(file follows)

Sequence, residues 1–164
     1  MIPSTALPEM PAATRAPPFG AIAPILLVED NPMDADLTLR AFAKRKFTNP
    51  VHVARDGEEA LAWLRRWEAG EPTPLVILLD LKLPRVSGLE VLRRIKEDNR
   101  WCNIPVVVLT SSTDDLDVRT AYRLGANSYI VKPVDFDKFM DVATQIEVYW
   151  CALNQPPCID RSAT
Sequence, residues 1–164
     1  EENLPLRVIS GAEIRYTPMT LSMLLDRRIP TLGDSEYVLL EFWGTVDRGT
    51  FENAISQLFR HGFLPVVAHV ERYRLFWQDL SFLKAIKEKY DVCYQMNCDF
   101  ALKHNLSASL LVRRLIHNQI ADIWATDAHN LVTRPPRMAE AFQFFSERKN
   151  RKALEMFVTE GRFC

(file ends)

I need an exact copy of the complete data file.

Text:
Sequence, residues 1–164
     1  MIPSTALPEM PAATRAPPFG AIAPILLVED NPMDADLTLR AFAKRKFTNP
    51  VHVARDGEEA LAWLRRWEAG EPTPLVILLD LKLPRVSGLE VLRRIKEDNR
   101  WCNIPVVVLT SSTDDLDVRT AYRLGANSYI VKPVDFDKFM DVATQIEVYW
   151  CALNQPPCID RSAT
Sequence, residues 1–164
     1  EENLPLRVIS GAEIRYTPMT LSMLLDRRIP TLGDSEYVLL EFWGTVDRGT
    51  FENAISQLFR HGFLPVVAHV ERYRLFWQDL SFLKAIKEKY DVCYQMNCDF
   101  ALKHNLSASL LVRRLIHNQI ADIWATDAHN LVTRPPRMAE AFQFFSERKN
   151  RKALEMFVTE GRFC